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MongoDB Shell

Use an Editor for Commands

On this page

  • Using an External Editor
  • Using the Built-in Editor
  • Examples

The mongosh console is line oriented. However, you can also use an editor to work with multiline functions. There are two options:

  • Use the edit command with an external editor.

  • Use the .editor command, a built-in editor.

The mongosh edit command works with an external editor. You can configure an external editor in the shell that runs mongosh or from within mongosh.

If editors are configured in both locations, the editor configured within mongosh will take precedence.

To set an editor within mongosh, use the config.set() command.

config.set( "editor", "vi" )

See setting the external editor for more examples.

You can use edit in three ways:

Enter edit by itself to start a new editing session.


If you start an editing session without any arguments, the editor opens with the last edit loaded. See the example, Editing a Command.

If an argument exists in the console namespace, you can use edit to update it.

var albums = [ ];
edit albums
  • The variable albums is set in the first line.

  • The second line opens the external editor to edit the value of albums.

To edit a statement in the external editor, invoke edit with a statement such as db.collection.insertMany().

edit db.digits.insertMany( [] )

After editing [] ) and exiting the external editor, the mongosh console might look like this:

prompt> db.digits.insertMany([{ "zero": 0 }, { "one": 1 }, { "two": 2 }])

When you exit the external editor, the statement is copied to the console input line, ready to run. It does not run automatically. Press <enter> to run the statement or <ctrl> + c to cancel it.

The .editor command provides basic multiline editing capabilities.

The editor does not save code. When you close the built-in editor, your edits are loaded into the global scope. If your edit calls any functions or commands, they will run when you close the editor.

To start the built-in editor:


Enter <ctrl> + d to exit and run your function.

See Using the Built-In Editor.

If the EDITOR environment variable is set in the shell running mongosh, the edit command will use that editor.

If the mongosh editor property is also set, mongosh will use that program instead. The editor property overrides the EDITOR environment variable.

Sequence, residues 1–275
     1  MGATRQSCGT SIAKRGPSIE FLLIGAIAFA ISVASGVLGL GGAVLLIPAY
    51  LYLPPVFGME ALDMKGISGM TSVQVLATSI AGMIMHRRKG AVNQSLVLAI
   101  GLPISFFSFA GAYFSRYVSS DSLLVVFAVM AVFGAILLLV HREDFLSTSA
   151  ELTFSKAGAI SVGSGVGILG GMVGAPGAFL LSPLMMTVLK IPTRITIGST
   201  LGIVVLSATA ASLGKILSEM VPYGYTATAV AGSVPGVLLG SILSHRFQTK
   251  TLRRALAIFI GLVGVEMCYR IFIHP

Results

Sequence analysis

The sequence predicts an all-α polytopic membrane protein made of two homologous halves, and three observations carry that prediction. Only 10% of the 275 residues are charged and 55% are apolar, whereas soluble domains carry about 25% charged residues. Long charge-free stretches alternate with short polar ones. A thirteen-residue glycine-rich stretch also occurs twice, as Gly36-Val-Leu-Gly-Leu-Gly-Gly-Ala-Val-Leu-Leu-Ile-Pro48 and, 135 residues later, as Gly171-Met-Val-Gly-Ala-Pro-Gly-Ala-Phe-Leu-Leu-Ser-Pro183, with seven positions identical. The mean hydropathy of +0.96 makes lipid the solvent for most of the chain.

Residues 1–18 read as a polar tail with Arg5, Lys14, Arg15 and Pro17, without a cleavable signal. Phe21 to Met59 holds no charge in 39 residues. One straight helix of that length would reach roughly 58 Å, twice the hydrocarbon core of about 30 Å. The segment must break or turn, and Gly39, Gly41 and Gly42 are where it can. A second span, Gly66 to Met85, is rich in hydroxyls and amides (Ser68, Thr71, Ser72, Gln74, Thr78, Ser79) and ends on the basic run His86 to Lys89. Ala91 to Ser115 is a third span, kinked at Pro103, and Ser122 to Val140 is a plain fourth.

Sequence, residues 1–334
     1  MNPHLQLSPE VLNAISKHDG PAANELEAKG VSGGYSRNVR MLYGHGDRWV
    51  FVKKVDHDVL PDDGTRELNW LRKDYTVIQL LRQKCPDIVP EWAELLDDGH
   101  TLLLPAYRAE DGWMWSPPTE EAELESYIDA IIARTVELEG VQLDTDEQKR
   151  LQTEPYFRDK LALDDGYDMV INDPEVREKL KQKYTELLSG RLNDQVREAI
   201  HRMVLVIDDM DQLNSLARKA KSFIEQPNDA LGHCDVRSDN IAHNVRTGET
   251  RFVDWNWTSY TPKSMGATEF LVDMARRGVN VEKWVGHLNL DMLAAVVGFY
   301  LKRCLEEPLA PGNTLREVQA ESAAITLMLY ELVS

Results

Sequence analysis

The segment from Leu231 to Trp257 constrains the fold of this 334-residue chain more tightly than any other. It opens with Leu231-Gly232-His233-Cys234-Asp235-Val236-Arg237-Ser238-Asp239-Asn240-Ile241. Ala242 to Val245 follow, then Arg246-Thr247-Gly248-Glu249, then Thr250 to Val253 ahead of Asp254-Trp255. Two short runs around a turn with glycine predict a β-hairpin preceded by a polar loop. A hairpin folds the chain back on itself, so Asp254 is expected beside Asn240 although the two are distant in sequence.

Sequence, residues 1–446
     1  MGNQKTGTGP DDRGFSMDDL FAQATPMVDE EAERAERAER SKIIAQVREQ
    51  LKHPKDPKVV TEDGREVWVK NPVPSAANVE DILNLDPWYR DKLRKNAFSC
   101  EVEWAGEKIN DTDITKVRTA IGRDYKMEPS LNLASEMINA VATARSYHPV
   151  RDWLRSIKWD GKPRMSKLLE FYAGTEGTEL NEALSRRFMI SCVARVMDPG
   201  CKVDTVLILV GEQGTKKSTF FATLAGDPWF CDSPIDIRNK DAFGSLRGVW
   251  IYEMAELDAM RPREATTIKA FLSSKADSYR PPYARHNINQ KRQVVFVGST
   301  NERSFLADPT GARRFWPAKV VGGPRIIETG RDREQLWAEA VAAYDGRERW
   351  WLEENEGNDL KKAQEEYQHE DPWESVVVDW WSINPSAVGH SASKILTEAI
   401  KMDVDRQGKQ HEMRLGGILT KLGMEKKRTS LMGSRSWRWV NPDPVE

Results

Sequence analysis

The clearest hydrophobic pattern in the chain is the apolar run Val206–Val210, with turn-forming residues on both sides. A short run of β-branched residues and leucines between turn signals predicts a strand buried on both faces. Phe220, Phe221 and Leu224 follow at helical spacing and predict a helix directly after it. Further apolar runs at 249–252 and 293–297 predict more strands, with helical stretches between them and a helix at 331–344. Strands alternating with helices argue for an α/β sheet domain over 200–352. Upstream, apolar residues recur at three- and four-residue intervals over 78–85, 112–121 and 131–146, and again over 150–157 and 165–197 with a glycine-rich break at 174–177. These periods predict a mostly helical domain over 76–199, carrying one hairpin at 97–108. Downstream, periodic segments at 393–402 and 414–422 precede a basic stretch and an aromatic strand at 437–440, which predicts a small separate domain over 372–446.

The environment variable should be set before starting mongosh.

Set an environment variable in bash or zsh:

export EDITOR=vi

The vi editor will open when you run edit in the mongosh console.


You can also set environment variables from within mongosh using process.env.<VARIABLE>.

Set the EDITOR environment variable from mongosh:

process.env.EDITOR = 'nano'

The environment variable is only updated for the current mongosh. The update does not persist when mongosh exits.

To set nano as the editor from within mongosh, use the config.set() command.

config.set( "editor", "nano" )

The nano editor will open when you run edit in the mongosh console.


mongosh will attempt to use whatever program is configured. A program like less will work. Other programs, such as grep, may crash or have unexpected results.

Use edit to start an editing session. If the editor was already used in the current console session, the editor opens the last edit.

The following statement has a syntax error. The highlighted line is missing a comma:

// WARNING: This code contains an error
db.users.insertMany( [
{ "name": "Joey", "group": "sales" }
{ "name": "Marie", "group": "sales" },
{ "name": "Elton", "group": "accounting" },
{ "name": "Paola", "group": "marketing" }
] )

To set up the example:

  1. Copy the example code.

  2. Enter edit to start an editing session.

  3. Paste the example code into the editor.

  4. Exit the editor.

  5. Press enter.

When you exit the editor, it copies the example code to the command line. mongosh returns an error when the code runs.

To reload the example code, enter edit without any arguments.

// WARNING: This code contains an error
"name": "Joey",
"group": "sales"
} {
"name": "Marie",
"group": "sales"
"name": "Elton",
"group": "accounting"
"name": "Paola",
"group": "marketing"

The code is reformatted for easier editing. In this case the missing comma in the highlighted line causes the documents to be misaligned.

Visual Studio requires a special parameter to work as an external editor. Use --wait with Visual Studio.

Set an environment variable:

export EDITOR="/usr/local/bin/code --wait"

You can also set the editor with config.set(). If Visual Studio is in your PATH, open mongosh and run:

config.set("editor", "code --wait")

If you use Visual Studio, you can also use the MongoDB VS Code Extension.

Unset the editor variable in mongosh:

config.set("editor", null)

If the EDITOR environment is configured, unset it as well. From mongosh, run:

process.env.EDITOR = ''

If you unset EDITOR using process.env the change will not persist after exiting mongosh. To make the change persistent, unset EDITOR from your shell.

Start the editor:


mongosh enters editor mode. Enter your code:

// Entering editor mode (^D to finish, ^C to cancel)
var albums =
{ "artist": "Beatles", "album": "Revolver" },
{ "artist": "The Monkees", "album": "Head"}
] albums )

To leave the editor,

  • Press <ctrl> + d to exit and run your function

  • Press <ctrl> + c to exit without running your function

Objects which are declared using .editor, like albums in this example, are added to the global scope. They are available after .editor closes.

← Configure mongosh